factors. The next stage would then be the optimization of the concentration of each factor, which will he discussed later.
Nelson (1982) has also referred to the possibility of two factor interactions which might occur when designing Table 4.16. This technique has also been discussed by McDaniel et al. (1976), Greasham and Inamine (1986), Bull et al. (1990) and Hicks (1993).
The next stage in medium optimization would be to determine the optimum level of each key independent variable which has been identified by the Plackett-Bur-man design. This may be done using response surface optimization techniques which were introduced by Box and Wilson (1951). Hendrix (1980) has given a very readable account of this technique and the way in which it may be applied. Response surfaces are similar to contour plots or topographical maps. Whilst topographical maps show lines of constant elevation, contour plots show lines of constant value. Thus, the contours of a response surface optimization plot show lines of identical response. In this context, response means the result of an experiment carried out at particular values of the variables being investigated.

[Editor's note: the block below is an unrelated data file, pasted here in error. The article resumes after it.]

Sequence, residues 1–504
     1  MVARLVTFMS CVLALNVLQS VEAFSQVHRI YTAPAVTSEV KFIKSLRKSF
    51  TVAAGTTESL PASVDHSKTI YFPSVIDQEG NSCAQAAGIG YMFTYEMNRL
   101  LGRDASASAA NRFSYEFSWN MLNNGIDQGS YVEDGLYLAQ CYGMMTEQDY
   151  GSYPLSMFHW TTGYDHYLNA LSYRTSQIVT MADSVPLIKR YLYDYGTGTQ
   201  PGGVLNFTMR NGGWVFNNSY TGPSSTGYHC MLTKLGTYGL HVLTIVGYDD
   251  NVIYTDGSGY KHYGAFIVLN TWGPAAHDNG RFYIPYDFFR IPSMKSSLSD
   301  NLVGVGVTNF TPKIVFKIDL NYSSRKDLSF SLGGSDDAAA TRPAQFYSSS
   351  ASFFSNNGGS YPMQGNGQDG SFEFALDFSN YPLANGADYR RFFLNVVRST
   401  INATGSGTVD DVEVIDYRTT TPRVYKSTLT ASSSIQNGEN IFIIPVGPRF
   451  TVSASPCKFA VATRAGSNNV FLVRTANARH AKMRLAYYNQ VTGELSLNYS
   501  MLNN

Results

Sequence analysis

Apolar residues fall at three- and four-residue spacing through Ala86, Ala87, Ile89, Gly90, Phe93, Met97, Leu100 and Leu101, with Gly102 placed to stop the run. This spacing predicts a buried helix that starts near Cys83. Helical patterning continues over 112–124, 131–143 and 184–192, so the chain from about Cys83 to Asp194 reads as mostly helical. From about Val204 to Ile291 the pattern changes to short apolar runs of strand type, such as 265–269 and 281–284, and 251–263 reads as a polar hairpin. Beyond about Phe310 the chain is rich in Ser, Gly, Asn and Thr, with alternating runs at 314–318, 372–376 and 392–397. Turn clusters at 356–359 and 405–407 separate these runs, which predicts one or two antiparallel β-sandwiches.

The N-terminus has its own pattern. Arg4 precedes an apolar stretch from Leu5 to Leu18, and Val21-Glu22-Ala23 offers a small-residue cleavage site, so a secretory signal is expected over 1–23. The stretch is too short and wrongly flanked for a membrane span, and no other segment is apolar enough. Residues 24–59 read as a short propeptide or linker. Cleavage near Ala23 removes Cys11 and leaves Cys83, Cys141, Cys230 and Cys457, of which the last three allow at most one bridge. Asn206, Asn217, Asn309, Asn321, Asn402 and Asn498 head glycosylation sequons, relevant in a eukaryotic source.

The axes of the contour plot are the experimental variables and the area within the axes is termed the response surface. To construct a contour plot, the results (responses) of a series of experiments employing different combinations of the variables are inserted on the surface of the plot at the points delineated by the experimental conditions. Points giving the same results (equal responses) are then joined together to make a contour line. In its simplest form two variables are examined and the plot is two dimensional. It is important to appreciate that both variables are changed in the experimental series, rather than one being maintained constant, to ensure that the data are distributed
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